Thursday, December 31, 2009


Photo courtesy Flickr

That’s the conservative way to pronounce the word.

A book is a low-tech recording medium that is structured to permit easy reference to the contents.

That’s all a book is.

The alphabet is phonetic. Each letter, originally an attenuated picture, conveys sound to the ear of the reader. The alphabet was a sea trader’s accounting technology. Our version comes from Tyre in Phoenicia. Interestingly, English gardeners maintain that giant mullein is a sign that Phoenicians had been in an area.

In the Western tradition, letters were originally written on scrolls, like the torah. Looking for prophecies about Jesus, Christian scribes wearied of twirling Old Testament scrolls, folded the text back and forth on itself, and formed what is known as a codex. The little mulberry paper notebooks found in Japanese stores are codices.

A codex is fragile, as anyone who has handled a Japanese notebook impatiently learns. The next development was to sew the folds of the codex together to keep the pages from tearing themselves apart. That’s a book.

A book is an amazing, simple piece of engineering. Even a sheet of the cheapest 8.5 x 11 paper folded several times onto itself, the folds opened with a dull blade like a table knife, will survive as a pocket notebook for years if the spine is sewn by hand through an odd number of holes. Three holes plus a figure-eight stitch square-knotted at the center will secure the pages through many uses. A tapestry or dulled needle is easiest to work with. Fold a slightly heavier piece of paper stock, paste up the outer pages of the pamphlet, secure and trim the cover, let it dry under a weight, and the piece will last twice as long.

All the rest is detail. Edward Johnston and Sidney Cockerell rediscovered the fundamentals of book engineering in England in the early twentieth century. William Morris, Johnston, and Edward Catich, a Chicago jazz musician of the Twenties, worked out the technology of formal alphabetic writing. St. Ambrose University in Davenport, Iowa, maintains Fr. Catich’s archive on its web site.

Imprint on Catich if you want to study letter models. An anatomist, kinesiologist, and trained in Sho-Card as a youth, Catich presented writing that is as close to pose-proof as any I have found. There’s a trade paperback collection of his work.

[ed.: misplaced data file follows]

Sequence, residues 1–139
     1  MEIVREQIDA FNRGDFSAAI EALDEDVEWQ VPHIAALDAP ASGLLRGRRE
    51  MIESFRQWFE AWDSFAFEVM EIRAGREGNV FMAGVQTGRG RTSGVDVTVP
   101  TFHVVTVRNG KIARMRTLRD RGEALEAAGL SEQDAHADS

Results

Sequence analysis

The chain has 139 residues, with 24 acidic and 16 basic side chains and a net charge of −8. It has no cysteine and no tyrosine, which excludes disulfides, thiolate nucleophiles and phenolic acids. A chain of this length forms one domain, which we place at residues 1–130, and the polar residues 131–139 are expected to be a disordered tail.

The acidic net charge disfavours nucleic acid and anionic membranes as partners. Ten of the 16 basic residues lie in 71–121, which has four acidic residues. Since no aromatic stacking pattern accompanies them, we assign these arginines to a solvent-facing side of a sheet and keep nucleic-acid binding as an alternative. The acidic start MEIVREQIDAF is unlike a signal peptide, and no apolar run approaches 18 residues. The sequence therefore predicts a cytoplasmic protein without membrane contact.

If you fiddle around with higher tech, the possibilities for a book are infinite. Recordists are the scribes of our time. Audio tape is the exact equivalent of a scroll. In the West, reading used to be taught as one aspect of the art of pronunciation. St. Jerome was notorious in his time for reading silently to himself. If you understand reading to be the art of actively recreating the voice of the author, the drones are silenced.

Someone asked me the other week what I thought the future of the book might be. Don’t have a clue. It’s wide open, and it’s wonderful. The digital possibilities are endless, but we sure need our editors. A small book of archival quality is a gift to the future.

The history of Roman letters is a history of diverging local forms leading to cacaphony, followed by a return to the benchmark images of the Trajan column in Rome, Edward Catich’s patch. Letters are meant to communicate, although the scribe can consciously manipulate reading speed. Our tradition of written forms is the longest unbroken one, so our recorded history is relatively easy to decipher.

Robert Bringhurst’s Elements of Typographic Style is the Joy of Cooking of digital typography. He recommends using a type face that was designed for the medium you’re working in, looks at the relationship of music and book proportions, and sets out the Western book in a nutshell: Gutenberg used one size of one face. Bringhurst recommends basing letter practice on scribal traditions. Catich said all one needs are capital letters.